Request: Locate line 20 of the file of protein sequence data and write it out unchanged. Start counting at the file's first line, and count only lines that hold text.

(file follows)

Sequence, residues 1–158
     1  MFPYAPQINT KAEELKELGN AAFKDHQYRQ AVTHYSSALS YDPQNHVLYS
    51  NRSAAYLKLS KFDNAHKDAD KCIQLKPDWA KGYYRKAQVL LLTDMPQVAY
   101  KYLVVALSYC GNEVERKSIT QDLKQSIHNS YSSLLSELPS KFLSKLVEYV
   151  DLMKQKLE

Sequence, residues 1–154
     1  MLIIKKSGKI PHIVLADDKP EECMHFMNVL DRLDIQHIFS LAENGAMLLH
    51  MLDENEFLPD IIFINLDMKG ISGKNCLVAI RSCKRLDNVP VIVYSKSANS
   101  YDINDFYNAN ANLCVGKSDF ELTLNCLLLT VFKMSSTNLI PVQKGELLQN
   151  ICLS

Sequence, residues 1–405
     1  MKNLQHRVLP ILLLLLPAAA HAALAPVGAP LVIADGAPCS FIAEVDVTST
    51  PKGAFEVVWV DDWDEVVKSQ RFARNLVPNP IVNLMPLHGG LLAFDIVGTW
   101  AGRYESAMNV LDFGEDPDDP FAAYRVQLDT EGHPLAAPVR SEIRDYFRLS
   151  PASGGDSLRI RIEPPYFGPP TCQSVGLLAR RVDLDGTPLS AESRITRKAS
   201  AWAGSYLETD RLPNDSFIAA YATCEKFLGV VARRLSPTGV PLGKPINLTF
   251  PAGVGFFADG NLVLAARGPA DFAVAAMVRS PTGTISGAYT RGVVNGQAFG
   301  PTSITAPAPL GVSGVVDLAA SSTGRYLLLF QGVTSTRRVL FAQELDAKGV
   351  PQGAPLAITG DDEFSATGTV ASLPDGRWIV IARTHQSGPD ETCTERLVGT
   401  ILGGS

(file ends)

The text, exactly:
   401  ILGGS